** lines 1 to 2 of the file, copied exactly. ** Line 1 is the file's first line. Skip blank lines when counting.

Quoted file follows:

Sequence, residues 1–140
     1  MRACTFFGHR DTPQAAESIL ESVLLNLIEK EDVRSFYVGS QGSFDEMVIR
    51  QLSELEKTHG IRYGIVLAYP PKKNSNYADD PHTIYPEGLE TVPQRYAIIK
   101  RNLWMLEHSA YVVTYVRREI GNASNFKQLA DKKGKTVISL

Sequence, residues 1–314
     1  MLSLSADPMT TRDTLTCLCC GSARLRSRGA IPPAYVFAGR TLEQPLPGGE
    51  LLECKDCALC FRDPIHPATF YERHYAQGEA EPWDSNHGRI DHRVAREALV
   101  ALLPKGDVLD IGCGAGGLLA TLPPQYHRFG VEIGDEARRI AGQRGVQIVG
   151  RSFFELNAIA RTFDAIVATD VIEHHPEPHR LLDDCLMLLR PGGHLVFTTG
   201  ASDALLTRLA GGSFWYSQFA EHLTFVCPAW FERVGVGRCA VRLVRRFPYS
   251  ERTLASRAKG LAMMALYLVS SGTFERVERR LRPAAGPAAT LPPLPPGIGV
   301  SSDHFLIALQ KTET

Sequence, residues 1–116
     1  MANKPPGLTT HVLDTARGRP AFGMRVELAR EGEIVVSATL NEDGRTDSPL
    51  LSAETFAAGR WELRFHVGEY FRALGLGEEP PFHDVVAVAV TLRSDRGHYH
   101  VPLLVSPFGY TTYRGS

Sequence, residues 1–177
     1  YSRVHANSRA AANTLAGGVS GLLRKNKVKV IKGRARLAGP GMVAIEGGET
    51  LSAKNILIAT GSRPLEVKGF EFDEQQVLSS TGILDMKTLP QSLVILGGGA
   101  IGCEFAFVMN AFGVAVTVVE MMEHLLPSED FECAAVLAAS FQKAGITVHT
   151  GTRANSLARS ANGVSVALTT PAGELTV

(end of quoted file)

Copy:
Sequence, residues 1–140
     1  MRACTFFGHR DTPQAAESIL ESVLLNLIEK EDVRSFYVGS QGSFDEMVIR